You can’t pick all out of the way destinations with this flight. Quite a few round the world flights will have maximum miles restrictions, from as low as 22,500 miles, through to a maximum of around 35,000 miles. This ensures that you’re not going crazy with distances, i.e. flying from Auckland to Chile, and then to Alaska, and then to London, and down to South Africa. There is one round-the-world flight that allows this, but it’s the expensive Oneworld Explorer, at $6000 for 16 flights.
Also, these miles are calculated as the sum of all the flights between city pairs. So if you’re flying Auckland to the Maldives, then add the miles from Auckland to Hong Kong, and Hong Kong to the Maldives.
Calculating the maximum miles of your flight
A great website to plot all this is Great Circle Mapper. As you can see, I’m doing 33,489 miles, just within the limit. If you go over the limit, the booking engine doesn’t stop you, it just doesn’t cap at 140,000 Qantas Points, it’ll suddenly jump up to 250,000 Qantas Points, or higher.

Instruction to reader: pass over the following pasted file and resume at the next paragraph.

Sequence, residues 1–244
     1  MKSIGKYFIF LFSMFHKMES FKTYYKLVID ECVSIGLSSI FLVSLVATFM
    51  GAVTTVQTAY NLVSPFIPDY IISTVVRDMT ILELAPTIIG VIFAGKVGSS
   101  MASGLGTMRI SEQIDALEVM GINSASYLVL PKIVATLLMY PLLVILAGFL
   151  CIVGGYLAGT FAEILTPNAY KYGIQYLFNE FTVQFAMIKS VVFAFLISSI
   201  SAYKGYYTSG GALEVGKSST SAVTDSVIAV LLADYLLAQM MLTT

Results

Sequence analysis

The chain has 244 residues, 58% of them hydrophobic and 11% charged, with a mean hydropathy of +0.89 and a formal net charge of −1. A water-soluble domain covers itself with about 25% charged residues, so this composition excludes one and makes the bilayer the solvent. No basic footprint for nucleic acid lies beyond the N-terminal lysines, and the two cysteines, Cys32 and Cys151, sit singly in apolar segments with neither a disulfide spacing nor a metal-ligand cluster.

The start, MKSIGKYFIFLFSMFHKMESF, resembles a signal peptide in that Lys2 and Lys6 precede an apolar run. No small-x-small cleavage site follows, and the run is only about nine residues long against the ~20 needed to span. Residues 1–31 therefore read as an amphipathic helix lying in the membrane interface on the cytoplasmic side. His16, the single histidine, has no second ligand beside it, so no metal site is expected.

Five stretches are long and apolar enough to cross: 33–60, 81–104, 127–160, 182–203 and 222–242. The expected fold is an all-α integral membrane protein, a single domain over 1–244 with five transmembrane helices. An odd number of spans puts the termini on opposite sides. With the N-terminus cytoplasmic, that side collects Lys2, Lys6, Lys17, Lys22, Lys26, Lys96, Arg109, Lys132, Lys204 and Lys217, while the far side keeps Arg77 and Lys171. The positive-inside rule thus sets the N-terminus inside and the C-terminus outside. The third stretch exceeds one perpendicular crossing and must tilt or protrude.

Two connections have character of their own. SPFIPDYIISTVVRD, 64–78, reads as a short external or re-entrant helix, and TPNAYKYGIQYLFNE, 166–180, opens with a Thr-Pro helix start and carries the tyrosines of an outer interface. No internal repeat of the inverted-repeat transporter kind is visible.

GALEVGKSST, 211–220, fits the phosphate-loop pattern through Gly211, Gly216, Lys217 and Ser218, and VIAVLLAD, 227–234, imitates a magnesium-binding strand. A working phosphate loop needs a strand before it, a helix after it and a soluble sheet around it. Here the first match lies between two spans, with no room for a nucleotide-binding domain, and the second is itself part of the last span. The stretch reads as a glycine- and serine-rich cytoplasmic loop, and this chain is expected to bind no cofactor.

140,000 Qantas Points for Economy, or 280,000 Qantas Points for Business
Pretty straight forward. This is how many Qantas Points you’ll need to make this happen. Very difficult in New Zealand to earn these points. ANZ had an offer for a Credit Card that earned Qantas points, but that doesn’t exist anymore. Now the only way to earn them by credit card is through an American Express card, at the rate of 1 to 1.5 Qantas Points per dollar spent, depending on the card. There’s other minor ways to earn them, such as booking hotels with Qantas or buying things through the Qantas mall. There’s even the original method – flying with Qantas.
Whatever you do, it’s terrible value converting your Qantas Points for things, like a laptop, or vouchers. A round the world flight in economy is worth $10,000, or you could get $750 worth of Harvey Norman gift vouchers for roughly the same amount of Qantas points, 140,000.